TB4 Lecture 4; Decision making and the brain

The main objectives in this lecture are;

  • Expected value v.s expected utility
  • Reward and the brain
  • Temporal discounting
  • Social decision making
  • Heuristics in decision making
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  • Created by: mint75
  • Created on: 25-05-15 17:59

1. What is expected utility?

  • The psychological as opposed to economic value assigned to an outcome (e.g happiness with getting 50,000 or 100,000)
  • The probability of the outcome x associated reward (e.g 100% chance of getting 50 - 1/1 x 50 = £50)
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Other questions in this quiz

2. What is probability weighting?

  • The tendency for people to strongly acquiring gains than avoiding loss
  • The tendency for people to underestimate the chances of high probability events (a coin toss) and overestimate low probability events (the lottery)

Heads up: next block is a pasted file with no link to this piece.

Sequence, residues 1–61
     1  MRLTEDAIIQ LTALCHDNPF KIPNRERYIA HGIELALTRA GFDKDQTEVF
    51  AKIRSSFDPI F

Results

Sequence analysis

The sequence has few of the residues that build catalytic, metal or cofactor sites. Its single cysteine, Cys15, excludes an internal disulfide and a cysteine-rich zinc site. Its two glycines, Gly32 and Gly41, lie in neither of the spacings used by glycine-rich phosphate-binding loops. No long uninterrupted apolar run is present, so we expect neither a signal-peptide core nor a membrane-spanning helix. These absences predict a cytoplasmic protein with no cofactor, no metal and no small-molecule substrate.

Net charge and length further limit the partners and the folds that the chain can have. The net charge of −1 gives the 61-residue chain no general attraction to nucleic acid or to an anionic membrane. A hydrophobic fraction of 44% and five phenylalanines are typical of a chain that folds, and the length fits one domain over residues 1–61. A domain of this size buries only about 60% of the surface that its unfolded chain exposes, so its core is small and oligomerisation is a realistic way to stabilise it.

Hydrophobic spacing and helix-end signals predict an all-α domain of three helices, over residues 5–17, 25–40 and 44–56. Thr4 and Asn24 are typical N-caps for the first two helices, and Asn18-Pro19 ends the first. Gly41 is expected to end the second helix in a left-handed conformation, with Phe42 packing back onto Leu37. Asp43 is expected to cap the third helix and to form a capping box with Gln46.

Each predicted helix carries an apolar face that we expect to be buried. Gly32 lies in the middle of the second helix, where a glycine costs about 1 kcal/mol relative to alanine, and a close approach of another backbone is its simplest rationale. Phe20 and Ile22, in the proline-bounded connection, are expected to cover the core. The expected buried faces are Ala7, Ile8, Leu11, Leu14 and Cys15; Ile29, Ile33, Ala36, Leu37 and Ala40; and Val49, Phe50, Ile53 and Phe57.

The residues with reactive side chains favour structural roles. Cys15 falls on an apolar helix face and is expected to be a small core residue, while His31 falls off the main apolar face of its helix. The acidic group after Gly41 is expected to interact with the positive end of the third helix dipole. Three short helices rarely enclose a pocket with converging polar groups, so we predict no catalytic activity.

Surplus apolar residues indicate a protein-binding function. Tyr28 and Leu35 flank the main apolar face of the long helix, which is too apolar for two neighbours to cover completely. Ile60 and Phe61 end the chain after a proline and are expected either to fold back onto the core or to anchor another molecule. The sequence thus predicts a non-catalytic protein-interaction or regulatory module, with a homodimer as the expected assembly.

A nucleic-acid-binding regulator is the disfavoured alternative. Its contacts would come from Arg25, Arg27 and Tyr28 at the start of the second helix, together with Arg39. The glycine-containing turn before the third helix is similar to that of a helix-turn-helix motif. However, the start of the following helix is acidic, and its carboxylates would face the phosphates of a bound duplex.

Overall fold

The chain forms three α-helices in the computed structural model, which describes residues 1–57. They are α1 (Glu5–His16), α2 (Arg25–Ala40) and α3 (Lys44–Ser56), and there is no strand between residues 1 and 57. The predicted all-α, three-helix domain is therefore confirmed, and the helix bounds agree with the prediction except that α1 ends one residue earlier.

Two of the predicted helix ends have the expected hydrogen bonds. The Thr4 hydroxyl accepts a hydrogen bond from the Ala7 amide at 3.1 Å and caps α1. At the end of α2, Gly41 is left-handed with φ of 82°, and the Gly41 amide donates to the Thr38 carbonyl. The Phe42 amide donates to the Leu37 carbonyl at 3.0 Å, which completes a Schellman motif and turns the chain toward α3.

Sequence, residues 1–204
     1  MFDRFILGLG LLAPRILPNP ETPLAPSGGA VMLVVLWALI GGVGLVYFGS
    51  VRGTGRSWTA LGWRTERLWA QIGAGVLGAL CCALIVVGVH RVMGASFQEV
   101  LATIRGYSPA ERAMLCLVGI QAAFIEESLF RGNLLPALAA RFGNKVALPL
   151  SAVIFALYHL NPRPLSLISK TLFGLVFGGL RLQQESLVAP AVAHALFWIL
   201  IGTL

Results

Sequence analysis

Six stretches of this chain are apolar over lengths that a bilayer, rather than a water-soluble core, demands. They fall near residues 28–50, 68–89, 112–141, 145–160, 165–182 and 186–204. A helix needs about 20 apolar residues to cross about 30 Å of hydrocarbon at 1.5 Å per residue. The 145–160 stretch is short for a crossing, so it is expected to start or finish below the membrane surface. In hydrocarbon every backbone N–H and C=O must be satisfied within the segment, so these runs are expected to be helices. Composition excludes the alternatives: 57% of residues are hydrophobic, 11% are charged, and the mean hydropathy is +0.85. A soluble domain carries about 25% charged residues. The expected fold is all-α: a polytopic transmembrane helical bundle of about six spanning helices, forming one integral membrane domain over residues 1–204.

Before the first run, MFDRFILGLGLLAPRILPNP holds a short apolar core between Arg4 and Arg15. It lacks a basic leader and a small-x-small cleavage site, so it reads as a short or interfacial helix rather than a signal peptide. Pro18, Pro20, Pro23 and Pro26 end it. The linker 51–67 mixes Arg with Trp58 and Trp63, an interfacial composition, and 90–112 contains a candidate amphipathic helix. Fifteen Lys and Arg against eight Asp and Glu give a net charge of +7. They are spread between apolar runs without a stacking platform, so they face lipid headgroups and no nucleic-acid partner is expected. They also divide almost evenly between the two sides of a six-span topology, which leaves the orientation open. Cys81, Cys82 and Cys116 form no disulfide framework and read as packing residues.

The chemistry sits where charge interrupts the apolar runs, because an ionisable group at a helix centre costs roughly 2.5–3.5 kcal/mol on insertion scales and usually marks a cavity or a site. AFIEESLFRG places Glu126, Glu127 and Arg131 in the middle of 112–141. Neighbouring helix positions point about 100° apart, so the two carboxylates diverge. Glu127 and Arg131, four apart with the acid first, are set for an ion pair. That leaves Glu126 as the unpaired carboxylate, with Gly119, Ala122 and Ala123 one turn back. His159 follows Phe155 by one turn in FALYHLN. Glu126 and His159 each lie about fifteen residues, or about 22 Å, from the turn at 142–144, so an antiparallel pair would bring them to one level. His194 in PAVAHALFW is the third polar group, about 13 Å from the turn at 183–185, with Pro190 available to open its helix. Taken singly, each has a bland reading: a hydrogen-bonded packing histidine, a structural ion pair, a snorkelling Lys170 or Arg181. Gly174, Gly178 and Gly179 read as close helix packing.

• The tendency for compulsive gambling to start after a traumatic loss type event
  • The tendency for people to strongly prefer avoiding loss than acquiring gains

3. Which of these is NOT a primary reinforcer?

  • Water
  • ***
  • Money
  • Food

4. Dopamine neurons in which 4 areas are linked to rewards?

  • Ventromedial pFC, Nucleus accumbens, Dorsal-tegmental area, substantianigra
  • pFC, Nucleus accumbens, Dorsal-tegmental area, substantianigra
  • Ventromedial pFC, Nucleus accumbens, Ventral-tegmental area, substantianigra
  • pFC, Nucleus accumbens, Ventral-tegmental area, substantianigra

5. What two concepts were added to expected utility by prospect theory?

  • Reference dependence (making decisions in terms of anticipated gains/loss compared to current state), probability weighting (probability is perceived highly subjectively, underestimating the chance of high prob. events)
  • Reference dependence (probability is perceived highly subjectively, underestimating the chance of high prob. events), probability weighting (making decisions in terms of anticipated gains/loss compared to current state)
  • Over/underestimation (of high and low probability events) and loss aversion
  • Loss aversion and diminishing marginal effect

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